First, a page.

Review: ‘Chongqing Hot Pot’ serves up a twisty crime caper
The title of writer-director Yang Qing’s caper picture “Chongqing Hot Pot” refers to the city’s culinary specialty: a spicy boiled dish served in hole-in-the-wall restaurants on nearly every block. The movie is similarly flavorful, but also just as common.
Chen Kun, Qin Hao and Yu Entai play lifelong chums whose friendship fractures due to an ill-advised investment in an underground eatery they call “Cave Hot Pot.” An attempt to save the business via a DIY expansion has an unexpected result when the wall-busting leads the trio into an adjacent bank vault.
Bai Baihe plays an old acquaintance of the struggling restaurateurs, who’s also a disgruntled employee of the bank they’ve breached. She comes up with a plan for them all to get rich, but before they can see it through to completion another band of thieves attempts a heist of their own.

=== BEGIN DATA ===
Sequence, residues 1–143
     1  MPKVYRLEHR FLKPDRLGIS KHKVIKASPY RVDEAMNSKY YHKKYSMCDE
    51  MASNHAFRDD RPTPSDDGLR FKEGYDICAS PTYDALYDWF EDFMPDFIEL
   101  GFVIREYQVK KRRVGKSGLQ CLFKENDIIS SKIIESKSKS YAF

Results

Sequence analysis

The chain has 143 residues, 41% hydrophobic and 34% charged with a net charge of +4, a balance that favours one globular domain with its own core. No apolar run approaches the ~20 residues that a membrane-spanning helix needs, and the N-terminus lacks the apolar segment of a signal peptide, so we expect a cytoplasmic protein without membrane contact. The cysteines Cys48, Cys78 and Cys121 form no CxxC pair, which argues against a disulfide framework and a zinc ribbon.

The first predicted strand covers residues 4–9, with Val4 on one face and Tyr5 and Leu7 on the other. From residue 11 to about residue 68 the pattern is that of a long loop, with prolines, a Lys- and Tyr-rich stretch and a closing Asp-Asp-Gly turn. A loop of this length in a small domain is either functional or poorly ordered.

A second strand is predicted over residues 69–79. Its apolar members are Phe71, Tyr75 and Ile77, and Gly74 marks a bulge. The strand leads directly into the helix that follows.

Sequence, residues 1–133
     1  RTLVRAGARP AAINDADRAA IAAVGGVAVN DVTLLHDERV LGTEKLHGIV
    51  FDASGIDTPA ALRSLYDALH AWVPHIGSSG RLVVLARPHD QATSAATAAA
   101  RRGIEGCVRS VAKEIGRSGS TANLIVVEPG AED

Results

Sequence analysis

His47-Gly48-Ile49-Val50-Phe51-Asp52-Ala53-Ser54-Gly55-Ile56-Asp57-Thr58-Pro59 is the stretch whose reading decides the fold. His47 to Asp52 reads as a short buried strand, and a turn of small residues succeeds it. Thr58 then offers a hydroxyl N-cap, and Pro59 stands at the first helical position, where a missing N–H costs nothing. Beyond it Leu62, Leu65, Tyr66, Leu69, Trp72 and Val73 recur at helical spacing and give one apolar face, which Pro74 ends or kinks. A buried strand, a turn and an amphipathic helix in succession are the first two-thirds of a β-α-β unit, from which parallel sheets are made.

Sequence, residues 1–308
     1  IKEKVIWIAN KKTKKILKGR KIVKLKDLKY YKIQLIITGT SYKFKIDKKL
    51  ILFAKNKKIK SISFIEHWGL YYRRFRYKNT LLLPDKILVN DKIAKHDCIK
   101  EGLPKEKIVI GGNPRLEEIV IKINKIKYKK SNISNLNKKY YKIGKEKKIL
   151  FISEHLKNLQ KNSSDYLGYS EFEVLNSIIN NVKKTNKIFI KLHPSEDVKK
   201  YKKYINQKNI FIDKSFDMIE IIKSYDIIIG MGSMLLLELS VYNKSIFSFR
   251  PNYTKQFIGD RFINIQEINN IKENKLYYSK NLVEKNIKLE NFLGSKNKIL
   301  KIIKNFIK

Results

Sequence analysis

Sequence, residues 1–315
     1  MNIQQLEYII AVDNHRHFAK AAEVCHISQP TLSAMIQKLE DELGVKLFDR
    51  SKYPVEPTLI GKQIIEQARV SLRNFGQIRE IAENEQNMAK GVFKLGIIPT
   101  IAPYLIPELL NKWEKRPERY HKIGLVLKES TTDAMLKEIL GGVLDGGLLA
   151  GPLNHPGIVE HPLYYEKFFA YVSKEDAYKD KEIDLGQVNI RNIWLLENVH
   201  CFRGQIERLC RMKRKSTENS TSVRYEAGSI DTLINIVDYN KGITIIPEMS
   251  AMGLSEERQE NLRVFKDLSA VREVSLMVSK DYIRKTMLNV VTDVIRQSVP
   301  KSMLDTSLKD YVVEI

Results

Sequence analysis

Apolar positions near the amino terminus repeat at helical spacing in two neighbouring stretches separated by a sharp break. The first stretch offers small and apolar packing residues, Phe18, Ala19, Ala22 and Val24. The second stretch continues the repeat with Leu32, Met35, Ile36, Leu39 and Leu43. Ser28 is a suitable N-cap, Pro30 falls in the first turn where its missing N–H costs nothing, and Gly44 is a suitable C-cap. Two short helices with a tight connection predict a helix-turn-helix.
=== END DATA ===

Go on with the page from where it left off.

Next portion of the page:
The twisty plot mostly comes together via flashbacks, following an opening armed robbery. Too often though, Yang opts for brute force over brains, defaulting to violent fights that don’t quite fit with the film’s overall lightness.
Still, “Chongqing Hot Pot” effectively stokes the fantasy that with the right breaks, a group of struggling, hard-working folks can get their just reward. It’s a tasty notion, if not enough to nourish an entire movie.
‘Chongqing Hot Pot’
In Putonghua/Chongqing dialect with English subtitles
Running time: 1 hour, 36 minutes
Playing: AMC Atlantic Times Square 14, Monterey Park and AMC Puente Hills 20, City of Industry
Only good movies
Get the Indie Focus newsletter, Mark Olsen's weekly guide to the world of cinema.
You may occasionally receive promotional content from the Los Angeles Times.